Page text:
New Mo. bill would require educational standards for first time drivers

New Mo. bill would require educational standards for first time drivers

MISSOURI (KFVS) - A Missouri bill would require all people between the age of 15 to 18 wanting a driver's license to meet the Missouri Department of Elementary and Secondary Education standards.

DESE would develop educational standards that would include attendance, grade standards and assessment scores that public school students would have to meet in order to be eligible for a drivers license.

DESE would also have to inform the Department of Revenue of the public school students who do not meet the standards.

"When I first heard that, I thought it was a great idea because obviously as a teacher I want to do whatever I can to get kids grades up and I think driving is a privilege that you ought to earn in a number of ways," Charles Harper, Poplar Bluff High School Spanish Teacher, Provisionally Certified Drivers Education Inspector said.

"But, when I read about what DESE would have to come up with standards, and grades, and attendance, and then the schools going to have to communicate with DESE," Harper said. "I'm just not sure everyone will know what they need to know, when they need to know it to make it all work."

Harper thinks there's other ideas that should be implemented first.

"I even wonder about making driver's education a requirement before graduation, or getting stiffer on texting and driving, or increase restricting intermediate driver's license," Harper said. "I think there's a number of things we can do to have a better result."

Another Poplar Bluff teacher said his first reaction was that it's a great idea but it depends on where DESE sets the standards.

"It depends on where they put the bar though, and that's what I was trying to do research on; is it going to be D average, C average, B average, and I looked online and the bill looked vague," Michael Sowatzke Poplar Bluff High School World History Teacher, Provisionally Certified Drivers Education Inspector said.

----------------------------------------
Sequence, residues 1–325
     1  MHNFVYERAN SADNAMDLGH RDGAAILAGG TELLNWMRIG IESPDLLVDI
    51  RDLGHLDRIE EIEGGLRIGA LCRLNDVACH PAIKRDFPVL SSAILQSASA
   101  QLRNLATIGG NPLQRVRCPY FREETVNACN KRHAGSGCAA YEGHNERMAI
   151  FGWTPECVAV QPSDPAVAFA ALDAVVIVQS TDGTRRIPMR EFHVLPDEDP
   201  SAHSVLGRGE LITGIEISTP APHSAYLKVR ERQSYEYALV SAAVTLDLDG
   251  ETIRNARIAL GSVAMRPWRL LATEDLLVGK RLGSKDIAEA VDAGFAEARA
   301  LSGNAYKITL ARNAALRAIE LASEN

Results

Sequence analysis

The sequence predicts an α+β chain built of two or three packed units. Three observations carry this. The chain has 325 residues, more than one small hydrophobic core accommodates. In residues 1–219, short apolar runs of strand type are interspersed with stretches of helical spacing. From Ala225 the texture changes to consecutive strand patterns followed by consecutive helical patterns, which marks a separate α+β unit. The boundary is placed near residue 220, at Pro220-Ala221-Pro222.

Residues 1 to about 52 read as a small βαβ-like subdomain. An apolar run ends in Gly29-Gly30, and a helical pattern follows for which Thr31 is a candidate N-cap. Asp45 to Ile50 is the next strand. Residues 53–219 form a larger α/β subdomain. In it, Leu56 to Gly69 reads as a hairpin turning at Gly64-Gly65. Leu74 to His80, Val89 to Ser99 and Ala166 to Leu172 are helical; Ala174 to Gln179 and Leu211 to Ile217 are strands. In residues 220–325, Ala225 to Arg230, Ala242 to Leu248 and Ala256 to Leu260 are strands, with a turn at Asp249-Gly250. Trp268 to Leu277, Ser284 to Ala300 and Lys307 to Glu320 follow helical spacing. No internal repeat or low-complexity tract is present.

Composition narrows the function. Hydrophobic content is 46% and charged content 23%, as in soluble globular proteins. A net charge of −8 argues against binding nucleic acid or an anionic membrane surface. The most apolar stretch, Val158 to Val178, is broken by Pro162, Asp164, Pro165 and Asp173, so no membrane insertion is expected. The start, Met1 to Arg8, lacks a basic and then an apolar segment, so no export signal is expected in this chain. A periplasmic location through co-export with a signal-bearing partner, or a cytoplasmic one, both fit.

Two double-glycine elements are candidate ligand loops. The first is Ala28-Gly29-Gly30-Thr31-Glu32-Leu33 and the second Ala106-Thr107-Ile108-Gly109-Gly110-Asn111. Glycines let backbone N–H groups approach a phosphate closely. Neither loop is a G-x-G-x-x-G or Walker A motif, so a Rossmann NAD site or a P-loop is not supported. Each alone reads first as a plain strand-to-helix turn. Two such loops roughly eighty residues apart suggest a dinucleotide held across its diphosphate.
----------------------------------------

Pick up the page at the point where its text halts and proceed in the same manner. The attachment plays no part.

Sowatzke said he was able research a scenario in another state that had a positive impact in school.

"Wetzel Co, West Virginia implemented it and they said it actually improved grades," Sowatzke said. "So, I guess if it's done right, it could be helpful. But, done right, will be the determining factor."

Some concerns and questions that Sowatzke had were what the affect would be on kids who take medical leave or when kids drop out when they turn 16-years-old.

House Bill 2336 will be addressed on Feb. 22, 2016 at 11 a.m.

Below are the current driver's license requirement's for teenagers in Missouri, Kentucky, and Illinois.

  • In Missouri, teens have to first get a learner’s permit, then intermediate driver’s license, before getting a driver’s license. Formal classroom driver’s education is not required. But, first-time drivers need to have 40 hours of supervised driving.
  • In Kentucky, you have to take a written permit test and take a vision exam to get your learner’s permit. Then, before taking the driving test the driver has to have 60 hours of driving practice and complete a Driver’s Education course.
  • In Illinois, teens have to initially get a learner’s permit. To get that they have to show proof of enrollment in Driver’s Education course, pass a vision test, pass a written DMV test and then get an initial restricted license and then before graduating get a full unrestricted Illinois driver’s license.

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